Securities and banking regulators in China have made it clear to commercial banks that they must have a foreign equity partner in any fund management unit they establish, according to a variety of sources in Hong Kong and Shanghai.

This opens up a new opportunity for foreign fund houses looking to enter the market, but some analysts warn such deals may be a trap.

Industrial & Commercial Bank of China (ICBC) is widely expected to be the first commercial bank to win approval from a host of regulators to set up a funds management business.

Other banks said to be keen are China Construction Bank, China Merchants Bank and Bank of Communications. BoComm is rumoured to be pressing HSBC, which owns a 20% stake, to partner in a funds JV - regardless of HSBC Asset Management's announced deal with Shanxi Provincial Trust.

China Merchants is said to be so keen it is considering restructuring the successful JV between China Merchants Securities and ING Investment Management. Officials at that JV could not be reached by press time.

Although banks such as ICBC have a stranglehold on funds distribution, they have stood idly by as most revenues have gone to the fund managers. Banks are beginning to negotiate for trails on management fees, but mainly rely on custody and sales charges, and even the biggest distribution machines at organizations such as ICBC and China Construction Bank are not very profitable.

Realization that these banks will need foreign partners has only recently crept into the market and has a lot of players without a mutual funds joint venture excited, because partnering with a bank should mean ready access to huge distribution platforms.

"Introducing foreign expertise to these new fund companies will be very good for the industry," says a foreign funds executive in Hong Kong. "We've been looking at a means of market entry for some time and this could be important."

Says an industry dealmaker, "A lot of my foreign clients say no bank, no deal." A few foreign firms are putting ongoing negotiations with Chinese securities houses for a fund management JV on hold, in order to see if the new prospect of a bank deal comes through.

"This is greenfield for a lot of people, it's come out of the blue," says an industry analyst, who adds that regulators had talked about needing foreign technical advice but not necessarily an equity stake. "It's made things more complex. A lot of banks have sister companies with foreign fund JVs."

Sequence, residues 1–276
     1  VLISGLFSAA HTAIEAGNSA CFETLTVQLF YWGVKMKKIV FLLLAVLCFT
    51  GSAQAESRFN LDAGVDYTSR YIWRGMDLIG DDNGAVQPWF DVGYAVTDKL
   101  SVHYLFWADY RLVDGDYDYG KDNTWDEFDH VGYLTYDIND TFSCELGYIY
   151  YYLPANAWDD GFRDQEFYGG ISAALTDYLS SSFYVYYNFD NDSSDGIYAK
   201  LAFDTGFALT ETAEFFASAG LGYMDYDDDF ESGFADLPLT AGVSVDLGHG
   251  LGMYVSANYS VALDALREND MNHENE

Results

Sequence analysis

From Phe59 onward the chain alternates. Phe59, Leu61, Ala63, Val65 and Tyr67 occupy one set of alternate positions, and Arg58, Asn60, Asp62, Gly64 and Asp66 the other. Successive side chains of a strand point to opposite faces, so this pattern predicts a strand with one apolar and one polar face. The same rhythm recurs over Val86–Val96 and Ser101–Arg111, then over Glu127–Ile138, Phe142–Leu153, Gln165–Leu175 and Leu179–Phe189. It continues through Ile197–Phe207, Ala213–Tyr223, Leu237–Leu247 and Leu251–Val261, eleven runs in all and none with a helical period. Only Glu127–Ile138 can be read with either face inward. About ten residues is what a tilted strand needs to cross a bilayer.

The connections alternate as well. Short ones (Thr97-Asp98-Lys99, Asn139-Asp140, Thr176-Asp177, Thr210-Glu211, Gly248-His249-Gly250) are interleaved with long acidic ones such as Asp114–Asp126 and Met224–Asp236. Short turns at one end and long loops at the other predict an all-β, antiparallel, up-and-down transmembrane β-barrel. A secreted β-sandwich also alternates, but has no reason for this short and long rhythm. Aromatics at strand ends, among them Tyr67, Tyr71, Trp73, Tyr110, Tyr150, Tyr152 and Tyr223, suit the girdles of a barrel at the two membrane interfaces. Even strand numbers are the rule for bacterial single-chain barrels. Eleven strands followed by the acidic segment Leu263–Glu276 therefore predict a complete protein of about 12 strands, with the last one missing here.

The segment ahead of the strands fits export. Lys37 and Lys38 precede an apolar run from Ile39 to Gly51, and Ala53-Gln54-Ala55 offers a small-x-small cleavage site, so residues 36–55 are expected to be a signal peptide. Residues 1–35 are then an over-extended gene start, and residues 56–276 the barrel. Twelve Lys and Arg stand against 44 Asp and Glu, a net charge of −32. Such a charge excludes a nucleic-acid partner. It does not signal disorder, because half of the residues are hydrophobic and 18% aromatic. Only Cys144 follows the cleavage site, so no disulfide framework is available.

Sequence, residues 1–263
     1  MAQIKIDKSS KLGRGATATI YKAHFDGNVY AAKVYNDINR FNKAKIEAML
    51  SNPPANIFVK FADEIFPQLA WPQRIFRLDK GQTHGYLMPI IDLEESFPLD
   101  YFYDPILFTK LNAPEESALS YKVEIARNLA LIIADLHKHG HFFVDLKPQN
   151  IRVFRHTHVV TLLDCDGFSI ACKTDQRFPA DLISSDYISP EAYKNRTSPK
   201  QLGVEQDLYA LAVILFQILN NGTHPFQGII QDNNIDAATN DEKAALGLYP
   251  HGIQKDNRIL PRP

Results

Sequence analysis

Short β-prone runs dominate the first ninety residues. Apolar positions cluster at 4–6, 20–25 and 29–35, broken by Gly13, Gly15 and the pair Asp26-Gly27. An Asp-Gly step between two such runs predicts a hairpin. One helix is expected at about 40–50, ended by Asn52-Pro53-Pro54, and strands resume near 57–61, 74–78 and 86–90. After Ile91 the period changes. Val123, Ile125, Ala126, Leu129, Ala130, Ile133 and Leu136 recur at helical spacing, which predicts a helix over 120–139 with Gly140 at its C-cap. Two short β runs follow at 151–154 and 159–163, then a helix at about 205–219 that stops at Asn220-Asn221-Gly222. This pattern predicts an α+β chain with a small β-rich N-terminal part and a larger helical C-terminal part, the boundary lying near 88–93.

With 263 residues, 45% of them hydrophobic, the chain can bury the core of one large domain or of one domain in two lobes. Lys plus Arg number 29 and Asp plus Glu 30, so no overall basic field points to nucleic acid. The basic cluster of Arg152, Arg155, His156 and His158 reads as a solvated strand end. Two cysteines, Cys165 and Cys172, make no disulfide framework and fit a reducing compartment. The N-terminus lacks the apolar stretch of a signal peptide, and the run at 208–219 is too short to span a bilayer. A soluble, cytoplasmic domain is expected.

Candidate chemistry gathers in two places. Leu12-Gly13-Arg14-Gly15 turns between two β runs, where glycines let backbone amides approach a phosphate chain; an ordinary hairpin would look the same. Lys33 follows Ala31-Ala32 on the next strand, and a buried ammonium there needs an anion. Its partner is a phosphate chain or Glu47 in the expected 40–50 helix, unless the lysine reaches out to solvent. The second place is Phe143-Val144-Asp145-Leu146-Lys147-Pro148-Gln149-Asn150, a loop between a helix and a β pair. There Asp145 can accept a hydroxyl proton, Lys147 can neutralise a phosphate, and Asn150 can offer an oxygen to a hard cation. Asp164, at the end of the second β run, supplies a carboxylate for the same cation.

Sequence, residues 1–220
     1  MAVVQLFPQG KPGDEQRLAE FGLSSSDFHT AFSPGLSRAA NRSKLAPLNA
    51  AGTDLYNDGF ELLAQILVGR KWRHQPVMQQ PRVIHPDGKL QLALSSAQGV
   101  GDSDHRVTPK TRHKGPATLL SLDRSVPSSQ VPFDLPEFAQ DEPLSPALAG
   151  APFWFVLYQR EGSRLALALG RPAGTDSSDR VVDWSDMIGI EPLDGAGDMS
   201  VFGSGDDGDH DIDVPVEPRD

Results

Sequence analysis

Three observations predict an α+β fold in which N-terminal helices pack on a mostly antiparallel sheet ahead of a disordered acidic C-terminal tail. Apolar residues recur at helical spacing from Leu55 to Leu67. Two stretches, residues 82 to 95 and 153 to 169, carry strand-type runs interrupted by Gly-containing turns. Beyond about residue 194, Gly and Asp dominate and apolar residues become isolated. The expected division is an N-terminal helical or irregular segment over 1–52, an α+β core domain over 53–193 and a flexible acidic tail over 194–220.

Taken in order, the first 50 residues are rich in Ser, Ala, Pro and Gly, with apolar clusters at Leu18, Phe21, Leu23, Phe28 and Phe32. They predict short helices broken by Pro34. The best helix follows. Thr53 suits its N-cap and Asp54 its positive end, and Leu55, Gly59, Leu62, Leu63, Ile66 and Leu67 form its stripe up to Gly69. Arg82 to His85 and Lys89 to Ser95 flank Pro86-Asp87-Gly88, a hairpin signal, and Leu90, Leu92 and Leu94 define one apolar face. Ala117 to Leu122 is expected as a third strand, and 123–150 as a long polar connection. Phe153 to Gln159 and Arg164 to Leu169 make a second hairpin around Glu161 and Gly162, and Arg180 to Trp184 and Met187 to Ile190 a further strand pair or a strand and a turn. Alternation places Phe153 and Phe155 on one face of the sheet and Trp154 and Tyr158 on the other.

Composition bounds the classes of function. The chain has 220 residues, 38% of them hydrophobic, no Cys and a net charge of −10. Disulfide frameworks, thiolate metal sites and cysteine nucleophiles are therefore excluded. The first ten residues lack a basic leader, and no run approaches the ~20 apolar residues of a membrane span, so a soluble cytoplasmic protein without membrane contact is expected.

Moreover because the regulators, including the China Securities Regulatory Commission and the China Bank Regulatory Commission, have not finalized their rules, the banks still do not know what they can and cannot do.

A Shanghai-based executive at a foreign fund house says this should not be a surprising move, however, as the writing was on the wall since mid-2004 when authorities first indicated commercial banks would be let into the funds business. "The banks are undergoing huge reorganizations and they need strategic investors. It follows that different businesses will require different foreign partners."

The domestic funds industry is full of small fry with little hope of advancing without a good partner. Some of these players had waxed hopeful that a bank, looking for a partner to enter the funds business, would acquire them. But, says the foreign funds executive, "This is wishful thinking. There'd be nothing in it for the bank."

Although partnering with a bank clearly appeals to some foreign players looking for an entry, local experts warn that banks may not make good bedfellows.

First of all, the froth has come out of the China funds story. While the industry has had a good year and asset levels are steadily rising, the number of competitors has squeezed out profits.

"Two years ago everyone wanted in, but now the industry is struggling," says a fund manager in Shanghai.

This means that foreign financial institutions may be looking to establish relationships with Chinese banks, but that the fund management component is tiny. "A foreign institutions should only do fund management with a Chinese bank if it wants to do other things as well," he says.

Second, while banks may be powerful distributors, they may not be very good at actually running a funds company. They are deposit-taking bureaucracies and their expertise will be limited to money market funds. Granted, in scale, this can be a good business, but may not give foreigners any way to add value.

Third, outsiders betting everything on a bank because of its distribution power are ignoring the global trend of open architecture. While open architecture does not exist in China, there are early signs of it. For example, Boshi Fund Management has successfully marketed its funds among multiple bank channels - and eventually it will come.

Fourth, Chinese business culture tends to encourage big domestic institutions to bend over backwards for foreigners looking to make a deal, but treat partners badly, says a consultant with funds M&A experience. "As a partner it would be much harder to incentivize bank staff to sell your funds," he thinks. "These are bureaucratic monsters with smart guys at the top but the sales people will push a fund only if you give them cash. And you can't do that if you're part of the JV."

Fifth, a foreign fund house is never going to gain management control of a bank's mutual funds business. Securities companies, on the other hand, may be small but are often staffed by savvy people who know how to sell financial products, and in some cases, foreigners have achieved de facto control.

But despite these challenges, some foreign players are going to see this as the opportunity they have been waiting for. For the time being, bank distribution does remain the name of the game; and the Chinese banks are keen to find partners.